To do philosophy from the margins is not to do merely marginal philosophy or to be concerned with merely marginal philosophical problems. It is not to promote the marginal as an end in itself or to be concerned with merely the margins, limits, or boundaries of philosophy.
It is not to propose philosophical arguments that have merely marginal or questionable relevance and validity. It is not to behave unconventionally merely in order to explore the margins or test the limits of socially acceptable behavior.
It is not merely to subscribe to the belief system of some marginalized social group. It is not merely to express disaffection or alienation from society. It is not to adopt some form of radical or extremist ideology.
It is rather to stand outside the philosophical mainstream and to engage in philosophy from the standpoint of a person who has been marginalized. It is also to examine the implicit assumptions of mainstream philosophy, and to evaluate their rationality, justifiability, and validity.
To do philosophy from the margins is to have been barred or excluded in one way or another from a conventional position of speakership within philosophy. It is to have been compelled to accept some marginalized status or form of postponed participation with regard to philosophical discourse.
Must “philosophy from the margins” necessarily address the needs and concerns of those who have been marginalized? Is claiming to be marginalized something that is empty of meaning, by virtue of the fact that almost everyone can claim to have been marginalized in one way or another by someone else?
Who exactly are the marginalized in our society? Who marginalizes whom? In what way do people marginalize those whom they do not want to recognize or engage in dialogue with?
To do philosophy from the margins may be to recognize the diverse viewpoints of, and to examine the problems that are relevant to, those who have been marginalized, forgotten, displaced, or dispossessed by society. It may be to encourage social equity and to promote the eradication of distinctions between insiders and outsiders.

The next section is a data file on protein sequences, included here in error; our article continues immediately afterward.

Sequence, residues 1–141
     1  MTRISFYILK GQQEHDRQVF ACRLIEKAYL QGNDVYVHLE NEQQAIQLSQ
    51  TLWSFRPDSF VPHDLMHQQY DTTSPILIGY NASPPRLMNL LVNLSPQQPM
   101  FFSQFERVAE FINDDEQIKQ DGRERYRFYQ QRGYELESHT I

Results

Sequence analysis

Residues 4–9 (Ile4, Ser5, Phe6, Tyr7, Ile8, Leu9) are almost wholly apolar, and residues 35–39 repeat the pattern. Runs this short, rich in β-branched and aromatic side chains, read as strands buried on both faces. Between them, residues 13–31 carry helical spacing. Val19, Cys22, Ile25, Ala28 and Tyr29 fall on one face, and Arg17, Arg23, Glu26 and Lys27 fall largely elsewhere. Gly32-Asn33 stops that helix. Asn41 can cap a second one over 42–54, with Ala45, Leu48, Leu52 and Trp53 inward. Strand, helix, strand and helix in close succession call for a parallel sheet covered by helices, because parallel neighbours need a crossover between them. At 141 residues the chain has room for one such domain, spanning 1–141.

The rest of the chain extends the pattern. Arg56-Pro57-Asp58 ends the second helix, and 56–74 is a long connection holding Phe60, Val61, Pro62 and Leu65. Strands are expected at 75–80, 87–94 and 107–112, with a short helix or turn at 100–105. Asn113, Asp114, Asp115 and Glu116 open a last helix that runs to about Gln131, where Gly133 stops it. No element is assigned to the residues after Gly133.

Philosophy from the margins may also reveal the centrality of the marginal and the marginality of the central. It may question or destabilize the meanings of centrality and marginality, and it may allow their interdependence to be recognized.
To do philosophy from the margins may be to record one’s thoughts in the margins of a philosophical text (or in the margins of a text that has philosophical implications). It may be to inscribe a text with one’s own philosophical thoughts and reflections. It may be to record one’s own observations on, or interpretation of, a text, and to become the author of a commentary on the text. It may be to identify whatever is noteworthy in a text and to engage in dialogue with that text.
Doing philosophy from the margins may also mean recognizing the occurrence of epistemological thresholds, limits, breaks, and discontinuities. It may mean resisting the pressure to conform to traditional methods of reading, understanding, and problem solving.
It may mean a concern with boundary objects, boundary concepts, boundary conditions, and boundary questions. It may mean an exploration of the horizons of being, time, space, consciousness, existence, and experience. It may also mean an investigation of the limits of thought, reason, emotion, discourse, and language.